Comparisons against baseline within randomised groups are often used and can be highly misleading

Trials. 2011 Dec 22;12:264. doi: 10.1186/1745-6215-12-264.


Background: In randomised trials, rather than comparing randomised groups directly some researchers carry out a significance test comparing a baseline with a final measurement separately in each group.

Methods: We give several examples where this has been done. We use simulation to demonstrate that the procedure is invalid and also show this algebraically.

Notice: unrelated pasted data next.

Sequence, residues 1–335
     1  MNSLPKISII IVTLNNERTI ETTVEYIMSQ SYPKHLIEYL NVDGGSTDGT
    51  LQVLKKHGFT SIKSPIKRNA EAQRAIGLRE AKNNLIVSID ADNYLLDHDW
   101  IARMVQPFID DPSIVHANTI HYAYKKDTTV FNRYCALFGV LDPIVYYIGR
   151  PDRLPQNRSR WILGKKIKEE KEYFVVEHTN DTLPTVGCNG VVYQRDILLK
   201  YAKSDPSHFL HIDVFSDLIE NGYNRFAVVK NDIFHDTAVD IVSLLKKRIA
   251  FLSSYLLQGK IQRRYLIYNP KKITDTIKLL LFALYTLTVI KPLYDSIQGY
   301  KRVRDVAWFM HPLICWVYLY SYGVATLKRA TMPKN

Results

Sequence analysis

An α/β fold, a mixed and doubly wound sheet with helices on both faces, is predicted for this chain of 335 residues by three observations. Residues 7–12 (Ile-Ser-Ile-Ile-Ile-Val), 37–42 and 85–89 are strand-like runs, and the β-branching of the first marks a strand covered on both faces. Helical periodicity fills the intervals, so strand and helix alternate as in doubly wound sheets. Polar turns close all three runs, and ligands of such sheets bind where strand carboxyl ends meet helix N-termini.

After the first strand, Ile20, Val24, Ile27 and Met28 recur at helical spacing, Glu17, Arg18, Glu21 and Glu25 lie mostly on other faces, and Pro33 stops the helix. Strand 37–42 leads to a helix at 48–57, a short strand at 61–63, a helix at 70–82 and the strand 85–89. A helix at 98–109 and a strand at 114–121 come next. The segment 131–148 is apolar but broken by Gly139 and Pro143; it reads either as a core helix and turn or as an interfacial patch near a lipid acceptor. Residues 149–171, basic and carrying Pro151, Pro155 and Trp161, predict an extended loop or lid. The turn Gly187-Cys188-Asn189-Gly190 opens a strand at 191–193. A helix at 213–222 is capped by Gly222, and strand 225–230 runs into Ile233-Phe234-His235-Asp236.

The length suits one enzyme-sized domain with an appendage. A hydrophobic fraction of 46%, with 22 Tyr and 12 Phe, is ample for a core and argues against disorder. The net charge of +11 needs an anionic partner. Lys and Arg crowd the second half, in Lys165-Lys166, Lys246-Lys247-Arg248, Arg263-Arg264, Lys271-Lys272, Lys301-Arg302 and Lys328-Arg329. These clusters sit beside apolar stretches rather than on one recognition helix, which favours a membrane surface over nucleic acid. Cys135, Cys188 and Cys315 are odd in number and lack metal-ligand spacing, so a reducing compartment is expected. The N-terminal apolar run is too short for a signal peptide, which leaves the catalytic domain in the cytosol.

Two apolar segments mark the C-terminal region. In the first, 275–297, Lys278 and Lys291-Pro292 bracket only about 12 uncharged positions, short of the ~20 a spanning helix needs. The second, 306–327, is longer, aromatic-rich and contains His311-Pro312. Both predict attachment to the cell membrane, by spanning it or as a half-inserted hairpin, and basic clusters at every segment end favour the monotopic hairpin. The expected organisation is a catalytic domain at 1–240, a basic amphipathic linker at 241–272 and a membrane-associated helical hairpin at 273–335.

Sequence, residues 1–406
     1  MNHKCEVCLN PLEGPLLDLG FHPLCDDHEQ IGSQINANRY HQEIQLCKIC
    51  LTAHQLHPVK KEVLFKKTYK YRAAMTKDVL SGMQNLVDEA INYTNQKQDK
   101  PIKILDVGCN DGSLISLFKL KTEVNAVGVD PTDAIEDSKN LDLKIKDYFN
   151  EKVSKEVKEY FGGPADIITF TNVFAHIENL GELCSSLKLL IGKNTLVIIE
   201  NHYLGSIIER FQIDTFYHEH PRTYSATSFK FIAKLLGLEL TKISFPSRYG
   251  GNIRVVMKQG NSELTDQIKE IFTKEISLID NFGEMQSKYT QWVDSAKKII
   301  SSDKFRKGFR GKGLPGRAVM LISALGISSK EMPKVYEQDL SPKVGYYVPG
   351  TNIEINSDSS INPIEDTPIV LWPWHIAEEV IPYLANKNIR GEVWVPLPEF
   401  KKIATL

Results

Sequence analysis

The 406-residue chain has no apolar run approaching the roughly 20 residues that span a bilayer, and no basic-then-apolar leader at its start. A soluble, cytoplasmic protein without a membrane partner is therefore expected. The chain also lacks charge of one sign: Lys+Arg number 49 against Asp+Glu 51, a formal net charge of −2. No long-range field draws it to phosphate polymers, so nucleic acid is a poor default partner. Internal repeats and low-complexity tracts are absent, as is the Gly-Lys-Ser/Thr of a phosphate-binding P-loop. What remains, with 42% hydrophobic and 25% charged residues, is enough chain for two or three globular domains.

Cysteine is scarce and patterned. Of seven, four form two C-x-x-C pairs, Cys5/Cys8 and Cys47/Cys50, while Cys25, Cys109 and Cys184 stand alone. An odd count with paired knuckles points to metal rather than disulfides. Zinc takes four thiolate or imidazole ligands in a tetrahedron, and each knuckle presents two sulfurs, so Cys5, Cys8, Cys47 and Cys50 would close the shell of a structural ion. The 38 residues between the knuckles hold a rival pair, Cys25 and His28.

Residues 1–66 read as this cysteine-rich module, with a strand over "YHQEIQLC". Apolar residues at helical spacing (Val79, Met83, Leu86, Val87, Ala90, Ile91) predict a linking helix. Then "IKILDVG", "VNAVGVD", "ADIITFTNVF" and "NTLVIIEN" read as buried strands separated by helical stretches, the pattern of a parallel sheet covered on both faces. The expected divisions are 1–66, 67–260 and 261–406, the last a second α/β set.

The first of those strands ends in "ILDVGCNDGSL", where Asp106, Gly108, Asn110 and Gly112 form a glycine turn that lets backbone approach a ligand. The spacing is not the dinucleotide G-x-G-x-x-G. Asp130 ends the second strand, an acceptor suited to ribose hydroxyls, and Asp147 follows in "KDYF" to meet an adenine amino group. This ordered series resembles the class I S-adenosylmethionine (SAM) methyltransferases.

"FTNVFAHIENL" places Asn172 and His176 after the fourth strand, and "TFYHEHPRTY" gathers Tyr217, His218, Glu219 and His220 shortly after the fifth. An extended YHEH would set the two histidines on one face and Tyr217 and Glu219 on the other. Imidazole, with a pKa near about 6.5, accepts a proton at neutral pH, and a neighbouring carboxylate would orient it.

Results: This approach is biased and invalid, producing conclusions which are, potentially, highly misleading. The actual alpha level of this procedure can be as high as 0.50 for two groups and 0.75 for three.

Conclusions: Randomised groups should be compared directly by two-sample methods and separate tests against baseline are highly misleading.

Publication types

  • Comparative Study
  • Research Support, Non-U.S. Gov't

MeSH terms

  • Aging / drug effects
  • Back Pain / therapy
  • Computer Simulation
  • Female
  • Humans
  • Menorrhagia / drug therapy
  • Probability
  • Randomized Controlled Trials as Topic / methods*